Calling them "areas of interest" rather than problems, Suffredini said engineers are focusing on the zenith, or space-facing, port on the station's Unity module, the connecting adapter between Unity and the Russian Zarya module, and the interface between the outpost's truss backbone and the station's Destiny laboratory.

Russia is conducting its own review of its modules. The station's oldest piece, the Russian-built, U.S.-funded Zarya module, is already cleared through 2030.

The components flagged by the broad engineering analysis will receive closer scrutiny.


File photo of the International Space Station's Zarya, Unity and Destiny modules, along with portions of the outpost's central truss. Credit: NASA
 
"What you do is you do very specific analysis then to clear it, and I don't believe today that we'll have any issue when we do the specific analysis of clearing those areas for 2020, but then we'll have to look closer at 2028," Suffredini said.

Dockings of visiting spacecraft, thermal cycles during each orbit of Earth, reboost maneuvers and crew exercise can affect the space station's structural health. Without the ability to inspect the shell of the craft, like airplane engineers would do on Earth, NASA must use computer models to predict how cracks and deformities propagate in space.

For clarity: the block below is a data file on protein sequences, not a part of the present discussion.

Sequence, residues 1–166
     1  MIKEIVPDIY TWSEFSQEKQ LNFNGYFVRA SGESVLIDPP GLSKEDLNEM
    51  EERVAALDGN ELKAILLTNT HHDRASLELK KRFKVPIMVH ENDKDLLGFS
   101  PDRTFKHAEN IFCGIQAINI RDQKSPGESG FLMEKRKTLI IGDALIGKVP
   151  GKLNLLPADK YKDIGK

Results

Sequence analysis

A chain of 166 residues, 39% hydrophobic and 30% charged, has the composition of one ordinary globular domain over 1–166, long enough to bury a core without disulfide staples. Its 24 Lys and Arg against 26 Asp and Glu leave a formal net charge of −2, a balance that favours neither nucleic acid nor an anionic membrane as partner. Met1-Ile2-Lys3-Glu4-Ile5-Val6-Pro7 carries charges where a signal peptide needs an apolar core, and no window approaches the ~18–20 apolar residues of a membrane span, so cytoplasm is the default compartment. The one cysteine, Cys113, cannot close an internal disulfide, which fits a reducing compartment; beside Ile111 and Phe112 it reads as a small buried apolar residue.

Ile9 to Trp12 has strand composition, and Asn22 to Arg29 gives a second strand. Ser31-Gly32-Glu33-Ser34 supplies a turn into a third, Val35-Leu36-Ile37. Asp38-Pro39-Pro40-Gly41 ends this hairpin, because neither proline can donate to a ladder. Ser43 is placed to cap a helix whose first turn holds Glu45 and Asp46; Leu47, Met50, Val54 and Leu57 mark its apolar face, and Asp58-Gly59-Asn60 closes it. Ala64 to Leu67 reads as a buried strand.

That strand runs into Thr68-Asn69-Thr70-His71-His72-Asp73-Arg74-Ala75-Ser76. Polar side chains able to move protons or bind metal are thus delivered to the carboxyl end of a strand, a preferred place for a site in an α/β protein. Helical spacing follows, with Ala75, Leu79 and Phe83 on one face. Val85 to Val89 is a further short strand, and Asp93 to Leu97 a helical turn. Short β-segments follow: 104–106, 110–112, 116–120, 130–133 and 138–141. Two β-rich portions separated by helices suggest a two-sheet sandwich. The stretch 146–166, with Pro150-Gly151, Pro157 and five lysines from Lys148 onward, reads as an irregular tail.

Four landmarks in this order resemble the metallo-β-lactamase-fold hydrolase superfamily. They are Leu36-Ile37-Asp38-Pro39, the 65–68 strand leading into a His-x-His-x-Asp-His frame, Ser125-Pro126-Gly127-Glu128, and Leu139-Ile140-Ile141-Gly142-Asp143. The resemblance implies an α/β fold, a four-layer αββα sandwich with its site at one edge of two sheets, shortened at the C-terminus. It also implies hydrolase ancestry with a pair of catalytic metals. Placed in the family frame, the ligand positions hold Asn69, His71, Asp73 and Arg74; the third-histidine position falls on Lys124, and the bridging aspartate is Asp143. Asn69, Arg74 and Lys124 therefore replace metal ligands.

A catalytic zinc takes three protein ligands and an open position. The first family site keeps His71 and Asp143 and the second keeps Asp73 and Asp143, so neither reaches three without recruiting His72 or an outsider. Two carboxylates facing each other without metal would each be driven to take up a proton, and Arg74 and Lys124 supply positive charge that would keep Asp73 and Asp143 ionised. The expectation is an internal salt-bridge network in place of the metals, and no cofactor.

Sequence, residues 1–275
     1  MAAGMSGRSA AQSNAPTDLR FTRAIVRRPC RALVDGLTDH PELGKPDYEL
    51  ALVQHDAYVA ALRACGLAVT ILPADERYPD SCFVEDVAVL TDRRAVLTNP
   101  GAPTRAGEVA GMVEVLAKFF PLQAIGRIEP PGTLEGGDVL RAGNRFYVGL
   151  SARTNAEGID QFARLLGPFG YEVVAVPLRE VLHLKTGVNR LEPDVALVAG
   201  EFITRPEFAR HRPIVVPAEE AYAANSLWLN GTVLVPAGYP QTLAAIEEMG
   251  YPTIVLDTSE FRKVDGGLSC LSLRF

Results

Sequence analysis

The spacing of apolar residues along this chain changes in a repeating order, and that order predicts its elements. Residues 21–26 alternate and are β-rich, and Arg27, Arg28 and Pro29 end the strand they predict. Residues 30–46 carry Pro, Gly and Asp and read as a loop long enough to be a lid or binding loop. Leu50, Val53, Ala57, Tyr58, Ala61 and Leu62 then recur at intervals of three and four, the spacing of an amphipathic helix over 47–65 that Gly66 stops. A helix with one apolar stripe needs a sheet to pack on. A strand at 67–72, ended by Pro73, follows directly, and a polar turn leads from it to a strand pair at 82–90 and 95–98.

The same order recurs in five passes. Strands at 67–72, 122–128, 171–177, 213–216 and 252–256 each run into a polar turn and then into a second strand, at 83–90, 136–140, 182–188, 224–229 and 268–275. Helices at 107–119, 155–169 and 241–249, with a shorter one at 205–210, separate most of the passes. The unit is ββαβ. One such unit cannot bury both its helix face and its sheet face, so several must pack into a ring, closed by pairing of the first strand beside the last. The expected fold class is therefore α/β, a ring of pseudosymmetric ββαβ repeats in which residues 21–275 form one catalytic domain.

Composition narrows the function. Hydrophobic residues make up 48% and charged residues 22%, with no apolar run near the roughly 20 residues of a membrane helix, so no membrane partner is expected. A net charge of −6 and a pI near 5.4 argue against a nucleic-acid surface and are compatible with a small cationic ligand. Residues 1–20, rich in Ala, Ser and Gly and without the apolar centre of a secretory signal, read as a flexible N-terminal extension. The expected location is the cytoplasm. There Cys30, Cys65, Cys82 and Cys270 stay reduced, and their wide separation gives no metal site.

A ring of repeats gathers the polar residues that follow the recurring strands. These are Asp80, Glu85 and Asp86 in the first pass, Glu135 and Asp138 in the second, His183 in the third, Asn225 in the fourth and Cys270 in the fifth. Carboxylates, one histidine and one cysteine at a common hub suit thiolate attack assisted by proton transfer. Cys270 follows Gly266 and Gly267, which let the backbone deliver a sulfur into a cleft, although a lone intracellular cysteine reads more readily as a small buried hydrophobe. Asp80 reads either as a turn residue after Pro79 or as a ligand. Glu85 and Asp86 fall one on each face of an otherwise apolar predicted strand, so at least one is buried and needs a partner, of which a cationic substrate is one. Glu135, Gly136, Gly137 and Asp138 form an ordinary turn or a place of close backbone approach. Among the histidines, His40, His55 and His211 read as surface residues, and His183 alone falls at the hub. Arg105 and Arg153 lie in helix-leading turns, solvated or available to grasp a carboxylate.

"We're counting every orbit, all the docking cycles, and any plume cycles that affect our structure, so we're doing that same cycle-count and understanding if we're using up life faster than what we planned because we increased the cycle-count for some reason, whether it be we're in a different orbit, we're seeing higher dynamic loads going on from the crew, whatever the reason may be," Mulqueen said. "We're counting those cycles and we're tracking them against what the cycle-count was projected to be, then we talk impacts to overall life or we look at operational concerns, but right now there's no operational concerns on the table that we're recommending to NASA to reduce anything."

A Government Accountability Office report in December said 15 areas of the station's port-side P6 solar array truss section no longer meet their 60-year design life.

Launched in 2000, the P6 truss segment and its 240-foot solar arrays were mounted on another truss section on the Unity module's zenith port for nearly seven years, twice as long as designed. The interim location subjected the structure to more extreme hot and cold temperatures than planned.

Astronauts moved the P6 truss to a permanent location in 2007.